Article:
So when someone says “God doesn’t make people gay” and I say “I’m gay”, you’re getting two reports about God’s work. What conclusion do you reach? Do you believe God made a mistake by making me gay, or that I’m mistaken in experiencing myself as attracted to men? Are you saying I’m possessed by Satan but you aren’t? Is it because you’ve been the aforementioned electron that the sparks between myself and another man are less a mystery and more an abomination to you than they are to me?
“Love your neighbour as yourself,” the Bible says. Isn’t this an invitation to make yourself vulnerable by placing yourself in an unknown, in my shoes?
Outside-in moral code
3. The person who worries about what society will accept once it’s embraced sexual and gender diversity hasn’t watched a history documentary. We’ve already allowed everything we’re anxious about allowing. Genesis reports that God saw it fit to introduce himself to a married couple, Abram and Sarai, brother and sister, and to bestow blessings upon them. Therefore society may say: “We don’t do that here.” But justifying that by appeals to history is disingenuous.
Christians forget the reason the Old Covenant Law was eventually set aside. It was an outside-in moral code. It was as reliable as your definition of an electron or your attempts to judge people from the outside-in without taking the risk of familiarising ourselves with their unknownness. “For if that First Covenant had been without fault, no place would have been sought for a second. But God found fault with the people and said: “Behold, the days are coming when I will make a New Covenant’.”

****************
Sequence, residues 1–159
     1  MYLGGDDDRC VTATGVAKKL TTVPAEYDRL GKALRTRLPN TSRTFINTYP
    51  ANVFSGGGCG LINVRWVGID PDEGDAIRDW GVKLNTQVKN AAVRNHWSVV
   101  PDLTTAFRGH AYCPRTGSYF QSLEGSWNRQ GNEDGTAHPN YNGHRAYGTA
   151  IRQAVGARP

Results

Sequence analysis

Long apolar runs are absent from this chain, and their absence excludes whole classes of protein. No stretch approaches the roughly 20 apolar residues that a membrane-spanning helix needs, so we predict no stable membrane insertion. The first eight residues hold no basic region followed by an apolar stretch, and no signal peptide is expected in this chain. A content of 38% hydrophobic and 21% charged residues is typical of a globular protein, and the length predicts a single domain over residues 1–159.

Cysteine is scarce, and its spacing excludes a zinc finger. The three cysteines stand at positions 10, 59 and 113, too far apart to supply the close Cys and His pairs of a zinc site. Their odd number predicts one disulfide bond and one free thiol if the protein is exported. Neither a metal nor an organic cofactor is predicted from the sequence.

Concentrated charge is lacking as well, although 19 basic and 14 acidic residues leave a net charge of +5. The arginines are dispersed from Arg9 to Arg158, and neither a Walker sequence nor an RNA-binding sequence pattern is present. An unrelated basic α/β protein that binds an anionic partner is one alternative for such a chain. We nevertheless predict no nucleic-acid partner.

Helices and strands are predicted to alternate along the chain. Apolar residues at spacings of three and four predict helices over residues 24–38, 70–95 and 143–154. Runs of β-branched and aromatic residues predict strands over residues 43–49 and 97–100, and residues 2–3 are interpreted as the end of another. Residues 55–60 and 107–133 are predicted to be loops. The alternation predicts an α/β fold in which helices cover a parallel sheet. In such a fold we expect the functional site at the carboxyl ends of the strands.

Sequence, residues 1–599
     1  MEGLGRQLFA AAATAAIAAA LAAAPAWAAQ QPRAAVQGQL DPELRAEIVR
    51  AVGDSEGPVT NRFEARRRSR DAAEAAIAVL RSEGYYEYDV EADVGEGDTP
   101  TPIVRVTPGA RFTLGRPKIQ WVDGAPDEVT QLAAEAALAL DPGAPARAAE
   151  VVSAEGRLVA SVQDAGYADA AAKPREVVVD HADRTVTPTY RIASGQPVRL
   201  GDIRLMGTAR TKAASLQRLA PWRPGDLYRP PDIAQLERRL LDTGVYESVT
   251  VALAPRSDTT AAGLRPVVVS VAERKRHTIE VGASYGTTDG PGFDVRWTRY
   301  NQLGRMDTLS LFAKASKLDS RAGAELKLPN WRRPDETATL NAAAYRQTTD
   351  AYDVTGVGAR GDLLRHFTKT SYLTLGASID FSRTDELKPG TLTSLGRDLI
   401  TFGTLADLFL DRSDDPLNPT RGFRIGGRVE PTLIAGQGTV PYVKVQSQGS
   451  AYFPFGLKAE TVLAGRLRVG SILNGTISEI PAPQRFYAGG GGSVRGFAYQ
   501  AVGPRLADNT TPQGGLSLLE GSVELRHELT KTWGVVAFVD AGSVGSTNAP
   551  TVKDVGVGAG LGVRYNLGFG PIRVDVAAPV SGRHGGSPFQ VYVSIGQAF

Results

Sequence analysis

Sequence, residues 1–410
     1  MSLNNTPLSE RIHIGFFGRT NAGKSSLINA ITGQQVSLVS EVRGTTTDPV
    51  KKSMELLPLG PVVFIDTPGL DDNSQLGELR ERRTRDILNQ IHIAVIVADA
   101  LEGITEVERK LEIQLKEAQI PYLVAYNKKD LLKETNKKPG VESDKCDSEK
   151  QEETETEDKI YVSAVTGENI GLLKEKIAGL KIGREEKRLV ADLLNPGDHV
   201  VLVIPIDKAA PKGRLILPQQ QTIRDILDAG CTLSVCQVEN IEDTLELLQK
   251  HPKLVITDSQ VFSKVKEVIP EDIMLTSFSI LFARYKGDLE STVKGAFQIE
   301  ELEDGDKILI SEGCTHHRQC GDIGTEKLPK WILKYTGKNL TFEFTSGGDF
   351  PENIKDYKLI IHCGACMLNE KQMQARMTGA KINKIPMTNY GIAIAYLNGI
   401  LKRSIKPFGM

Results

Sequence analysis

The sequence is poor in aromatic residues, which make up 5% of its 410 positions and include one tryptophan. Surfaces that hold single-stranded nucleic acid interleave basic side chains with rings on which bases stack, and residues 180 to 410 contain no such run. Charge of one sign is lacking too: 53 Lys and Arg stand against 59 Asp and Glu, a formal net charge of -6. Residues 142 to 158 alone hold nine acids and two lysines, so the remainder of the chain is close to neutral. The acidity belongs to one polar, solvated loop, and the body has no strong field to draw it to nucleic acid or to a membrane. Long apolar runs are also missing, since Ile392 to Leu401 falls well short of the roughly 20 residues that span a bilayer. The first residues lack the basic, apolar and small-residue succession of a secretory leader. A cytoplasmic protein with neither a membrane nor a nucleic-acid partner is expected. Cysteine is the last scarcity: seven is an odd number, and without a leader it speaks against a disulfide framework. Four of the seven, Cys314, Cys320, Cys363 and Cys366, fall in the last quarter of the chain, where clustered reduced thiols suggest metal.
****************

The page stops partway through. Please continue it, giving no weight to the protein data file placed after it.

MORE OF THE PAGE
Knowing that the Old Covenant sacrifices and laws would only be internalised by his followers if he became the sacrifice, Jesus raised the cup and said: “This is my blood of the Covenant.” When we drink his blood and eat his flesh, we internalise Christ’s self-sacrifice by faith. This faith eclipses religious law because ingestion is an act of consent. Ever since Adam and Eve ate the fruit, it’s been understood that to eat something is to say “yes” to it.
Once the sacramental substance of Mary’s Little Lamb has been internalised, there’s no need for a religious law to enforce the shadow and likeness of a consent we once only understood from the outside in. Rules guide where there’s no direct knowledge, but atonement means what was hidden and unknowable about other people is demystified. So-called sinners and so-called strangers are Christ in disguise insofar as each knows what it’s like to be misunderstood, judged unfairly — or crucified.
Christians regard Jesus as God’s son because he’s the godforsaken son of none — the essential unknownness of the unloved put on display to give a face to each of those who’s been stripped of their dignity. In displacing with his own unknownness the unknownness of the marginalised, Mary’s Little Lamb sacrifices his identity to unerase God’s image in the people the world had self-servingly judged.
The world’s sin is defeated when the unknownness of those the world ostracised is known (and therefore killed) in the One the world was killing for repeatedly risking everything to identify with the nobodies.
If you claim to be Christian, God doesn’t have to tell you all bigotries are wrong because in your spirit, you already know all oppressions to be as intersectional as the beams of a cross. May God forgive you for you know what you do.
– Siya Khumalo is the author of You Have To Be Gay To Know God (2018). He is also a Mr Gay South Africa runner-up and Mr Gay World Top 10 finalist.